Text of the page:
"This situation must be addressed and improved immediately and with an immediate sense of urgency. This must be your primary focus. Among other things, we believe this requires that the proposed transaction with Advocate Aurora Health should not divert your attention or even be considered unless and until the current crisis at Beaumont is fully addressed."
Despite the cash, investments and cost-cutting measures, Beaumont Royal Oak remains one of the lowest-reimbursed health systems in the region.
Health plans paid only 143 percent above Medicare for inpatient and outpatient services at Beaumont Royal Oak, according to the Hospital Price Transparency Study released by RAND Corp. That's only more expensive than Henry Ford Macomb Hospital and Henry Ford Wyandotte Hospital in the region.
The board member said Beaumont has never been able to successfully raise its reimbursement from large insurers like Blue Cross Blue Shield Michigan to align with its competitors because the Royal Oak hospital started as a community hospital instead of an academic one like Michigan Medicine or a "community-critical" hospital like the Detroit Medical Center.
"Beaumont Royal Oak always got a lot of patients and attracted good doctors because it was in a good location, but it wasn't a primarily an academic and teaching hospital," the former board member said. "These things get built into the system. DMC was always paid more too because it was deemed a safety-net hospital. The point is and other private insurers pay different amounts per procedure for different hospital systems. It makes no sense, but Beaumont has suffered because of it and that's part of why you've seen this pledge to get bigger."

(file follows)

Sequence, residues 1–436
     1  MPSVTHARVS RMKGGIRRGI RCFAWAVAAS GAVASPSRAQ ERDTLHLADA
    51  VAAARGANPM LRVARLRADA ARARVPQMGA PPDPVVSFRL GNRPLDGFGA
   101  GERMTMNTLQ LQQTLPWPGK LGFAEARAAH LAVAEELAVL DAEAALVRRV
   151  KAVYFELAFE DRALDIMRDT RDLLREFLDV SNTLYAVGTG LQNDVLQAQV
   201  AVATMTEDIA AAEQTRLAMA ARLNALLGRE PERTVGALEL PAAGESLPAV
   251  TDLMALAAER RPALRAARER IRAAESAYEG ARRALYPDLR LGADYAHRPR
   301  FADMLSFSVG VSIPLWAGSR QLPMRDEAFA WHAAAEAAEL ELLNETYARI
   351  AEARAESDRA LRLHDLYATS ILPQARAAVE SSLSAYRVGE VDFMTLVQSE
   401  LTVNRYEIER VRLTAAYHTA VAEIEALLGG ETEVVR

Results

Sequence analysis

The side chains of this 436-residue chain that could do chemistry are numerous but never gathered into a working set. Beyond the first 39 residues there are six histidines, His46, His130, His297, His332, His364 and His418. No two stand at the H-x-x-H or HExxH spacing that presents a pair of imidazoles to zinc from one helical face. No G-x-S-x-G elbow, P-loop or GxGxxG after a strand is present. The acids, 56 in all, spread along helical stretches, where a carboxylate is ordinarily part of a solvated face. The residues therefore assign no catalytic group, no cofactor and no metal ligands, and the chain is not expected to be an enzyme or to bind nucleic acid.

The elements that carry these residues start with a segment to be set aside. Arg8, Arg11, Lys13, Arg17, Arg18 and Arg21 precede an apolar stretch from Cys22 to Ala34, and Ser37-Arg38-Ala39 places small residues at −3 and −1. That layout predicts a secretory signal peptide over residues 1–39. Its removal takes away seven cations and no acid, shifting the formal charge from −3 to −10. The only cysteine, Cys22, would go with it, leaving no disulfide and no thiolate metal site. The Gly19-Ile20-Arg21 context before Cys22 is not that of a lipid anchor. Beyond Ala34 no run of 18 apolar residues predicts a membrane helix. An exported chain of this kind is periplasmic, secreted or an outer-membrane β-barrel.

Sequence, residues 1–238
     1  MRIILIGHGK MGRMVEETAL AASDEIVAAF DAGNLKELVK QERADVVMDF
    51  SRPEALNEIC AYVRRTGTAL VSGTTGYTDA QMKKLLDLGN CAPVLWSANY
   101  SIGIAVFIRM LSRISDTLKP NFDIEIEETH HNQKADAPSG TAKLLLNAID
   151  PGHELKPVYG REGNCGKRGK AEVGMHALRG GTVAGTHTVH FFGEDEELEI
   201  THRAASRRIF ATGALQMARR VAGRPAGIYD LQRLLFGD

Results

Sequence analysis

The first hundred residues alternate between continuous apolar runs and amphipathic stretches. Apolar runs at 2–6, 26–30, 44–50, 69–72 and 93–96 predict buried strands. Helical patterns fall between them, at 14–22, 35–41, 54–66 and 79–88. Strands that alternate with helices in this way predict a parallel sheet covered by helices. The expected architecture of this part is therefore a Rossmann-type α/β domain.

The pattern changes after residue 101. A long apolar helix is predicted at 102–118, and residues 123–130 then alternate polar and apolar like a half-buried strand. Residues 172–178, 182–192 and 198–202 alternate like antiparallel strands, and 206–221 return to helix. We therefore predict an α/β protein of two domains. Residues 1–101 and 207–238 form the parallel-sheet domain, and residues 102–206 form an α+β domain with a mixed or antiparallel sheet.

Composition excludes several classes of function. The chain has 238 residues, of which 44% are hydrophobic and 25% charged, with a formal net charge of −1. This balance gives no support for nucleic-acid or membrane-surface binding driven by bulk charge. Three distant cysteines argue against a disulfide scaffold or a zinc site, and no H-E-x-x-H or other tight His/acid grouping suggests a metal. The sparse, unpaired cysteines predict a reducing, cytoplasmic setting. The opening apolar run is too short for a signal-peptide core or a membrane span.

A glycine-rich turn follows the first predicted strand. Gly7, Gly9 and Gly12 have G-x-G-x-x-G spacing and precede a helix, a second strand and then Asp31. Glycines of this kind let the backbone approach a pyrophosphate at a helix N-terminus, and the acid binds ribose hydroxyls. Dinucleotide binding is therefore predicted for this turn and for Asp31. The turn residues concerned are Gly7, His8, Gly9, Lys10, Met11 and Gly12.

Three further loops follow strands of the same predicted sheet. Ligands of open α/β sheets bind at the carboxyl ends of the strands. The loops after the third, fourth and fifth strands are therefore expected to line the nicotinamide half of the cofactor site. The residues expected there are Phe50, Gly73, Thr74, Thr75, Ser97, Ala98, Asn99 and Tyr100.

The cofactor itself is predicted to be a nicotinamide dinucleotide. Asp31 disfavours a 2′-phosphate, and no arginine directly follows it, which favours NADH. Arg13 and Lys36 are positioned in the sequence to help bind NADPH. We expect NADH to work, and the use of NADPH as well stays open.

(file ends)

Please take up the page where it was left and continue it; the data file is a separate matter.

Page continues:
Fox acknowledged the lower reimbursements and said the merger with Spectrum and said access to its in-house insurer Priority Health will offer benefits on costs..
"Yes, some insurance payments are lower for Beaumont due to a variety of reasons and circumstances," Fox said. "Beaumont works with all payers, including Blue Cross, and we recognize the importance of those ongoing relationships. One of our goals in working with Spectrum Health is to make health care more affordable, accessible and equitable for the communities we serve. When Beaumont works more closely with Priority Health, a division of Spectrum Health, we believe it will help mitigate rising health care costs and provide patients and employers with greater overall value."
Presumably, the merged companies will have greater negotiating power with Blue Cross, the region's largest health insurer, especially with the threat of a competitive Priority.
Shehata said that's what all these mergers are really about — leverage.
"Hospitals are becoming multiprong enterprises," Shehata said. "The systems that have grown to some scale in size have more power. They can take on more long-term agreements with the health plans and physician networks. They can better control the market. Those with larger cash reserves and infrastructure have been able to rebound more rapidly during crises. But who wins is the question left unanswered. The consumer can be the winner if these entities bring out new advancements in technology, making patient care more available to the broader community. But right now the power sits with the consolidators, and it's not clear it will help."